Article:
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A scalable distributed parallel simulation tool for the SWAT model
Environmental Modelling & Software  (IF5.288),  Pub Date : 2021-07-13, DOI: 10.1016/j.envsoft.2021.105133
Qiaoying Lin, Dejian Zhang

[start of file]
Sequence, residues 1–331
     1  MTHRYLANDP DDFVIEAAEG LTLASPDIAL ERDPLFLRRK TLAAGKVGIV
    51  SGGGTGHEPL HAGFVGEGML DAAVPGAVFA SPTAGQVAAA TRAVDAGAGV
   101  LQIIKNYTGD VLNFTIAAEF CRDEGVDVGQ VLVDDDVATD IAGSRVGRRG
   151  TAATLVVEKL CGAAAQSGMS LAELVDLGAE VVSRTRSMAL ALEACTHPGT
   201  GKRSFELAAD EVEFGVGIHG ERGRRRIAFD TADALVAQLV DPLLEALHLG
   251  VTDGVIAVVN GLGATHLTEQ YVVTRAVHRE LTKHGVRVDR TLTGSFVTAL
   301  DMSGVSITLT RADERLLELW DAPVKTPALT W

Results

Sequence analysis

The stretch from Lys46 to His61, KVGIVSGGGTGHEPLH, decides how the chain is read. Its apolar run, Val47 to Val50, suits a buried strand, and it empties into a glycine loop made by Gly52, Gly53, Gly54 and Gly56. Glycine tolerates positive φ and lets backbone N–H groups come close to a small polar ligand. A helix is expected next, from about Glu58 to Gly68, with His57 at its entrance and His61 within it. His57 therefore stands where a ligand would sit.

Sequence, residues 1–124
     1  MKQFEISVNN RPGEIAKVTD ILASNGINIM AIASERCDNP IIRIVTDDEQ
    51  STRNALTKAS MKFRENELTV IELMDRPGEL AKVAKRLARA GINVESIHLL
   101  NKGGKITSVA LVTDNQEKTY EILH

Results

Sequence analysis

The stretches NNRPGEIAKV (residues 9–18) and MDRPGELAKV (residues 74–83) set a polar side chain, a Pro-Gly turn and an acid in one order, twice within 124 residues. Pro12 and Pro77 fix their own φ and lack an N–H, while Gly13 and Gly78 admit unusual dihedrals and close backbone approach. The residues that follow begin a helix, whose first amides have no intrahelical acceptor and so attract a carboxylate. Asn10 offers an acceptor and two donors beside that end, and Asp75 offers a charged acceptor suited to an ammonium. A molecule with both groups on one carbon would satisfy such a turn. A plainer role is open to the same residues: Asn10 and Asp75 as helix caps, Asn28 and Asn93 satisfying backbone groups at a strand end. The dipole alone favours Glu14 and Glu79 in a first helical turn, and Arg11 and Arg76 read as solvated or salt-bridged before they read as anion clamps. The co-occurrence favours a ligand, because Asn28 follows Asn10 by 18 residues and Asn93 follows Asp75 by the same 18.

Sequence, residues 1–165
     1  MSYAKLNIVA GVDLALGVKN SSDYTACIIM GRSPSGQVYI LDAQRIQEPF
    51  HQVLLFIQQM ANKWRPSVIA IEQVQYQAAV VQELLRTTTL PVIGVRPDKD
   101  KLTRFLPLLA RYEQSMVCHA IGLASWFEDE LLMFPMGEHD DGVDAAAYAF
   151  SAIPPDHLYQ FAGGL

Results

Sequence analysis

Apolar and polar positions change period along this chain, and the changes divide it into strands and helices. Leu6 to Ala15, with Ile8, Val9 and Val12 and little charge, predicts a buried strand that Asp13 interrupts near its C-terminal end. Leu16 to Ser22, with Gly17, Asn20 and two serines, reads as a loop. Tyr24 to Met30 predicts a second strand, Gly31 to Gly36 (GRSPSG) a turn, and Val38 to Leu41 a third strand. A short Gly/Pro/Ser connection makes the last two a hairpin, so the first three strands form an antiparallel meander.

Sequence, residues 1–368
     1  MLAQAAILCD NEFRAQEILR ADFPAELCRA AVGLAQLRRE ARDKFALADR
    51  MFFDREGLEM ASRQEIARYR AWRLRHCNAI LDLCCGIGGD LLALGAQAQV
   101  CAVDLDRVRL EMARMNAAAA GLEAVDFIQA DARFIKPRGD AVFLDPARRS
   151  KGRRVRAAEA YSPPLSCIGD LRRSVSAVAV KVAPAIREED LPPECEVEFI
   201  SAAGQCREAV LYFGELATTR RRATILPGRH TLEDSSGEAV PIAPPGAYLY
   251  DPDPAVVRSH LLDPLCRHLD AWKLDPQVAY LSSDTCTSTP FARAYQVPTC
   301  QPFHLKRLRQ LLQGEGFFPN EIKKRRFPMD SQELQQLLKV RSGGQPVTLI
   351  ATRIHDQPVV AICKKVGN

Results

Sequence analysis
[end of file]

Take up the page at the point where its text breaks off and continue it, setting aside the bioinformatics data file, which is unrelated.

High-fidelity hydrological models are increasingly built and used to investigate the effects of management activities and climate change on water availability and quality for large areas with datasets of high spatial and temporal resolution. However, these advantages come at the price of greater computational demand and run time. This becomes challenging when modeling routines involve iterative model simulations. In this study, we proposed a generic scheme to reduce the Soil and Water Assessment Tool (SWAT) runtime by decomposing a watershed model into subbasin models and optimizing the subbasin model simulations based on a parallel approach. Based on this scheme, we implemented a generic tool named Spark-SWAT, which allows subbasin models to be simulated in parallel on a Spark computer cluster. We then evaluated Spark-SWAT with two sets of experiments to demonstrate the potential of Spark-SWAT to accelerate single and iterative model simulations. In each test set, Spark-SWAT was applied to simulate 12 synthetic hydrological models in parallel with different I/O (input/output) burdens and river network complexities in a Spark cluster with five virtual machines. The single model parallelization results showed that Spark-SWAT yielded a speedup value of 7.84 for the most complex model but was less effective with simple models. When applied to use cases with iterative model runs, Spark-SWAT yielded a speedup of 6.55–24.58 depending on the model complexity. These results indicate that the proposed scheme can effectively solve high-computational-demand problems of complex models. As a subbasin-level parallelization tool, Spark-SWAT can be very computationally frugal and useful in use cases in which the model input changes pertain to only a few subbasins because only the changed and downstream subbasins require new computations. Moreover, it is possible to apply this generic method to other subbasin-based hydrological models to alleviate I/O demands and optimize model computational performance.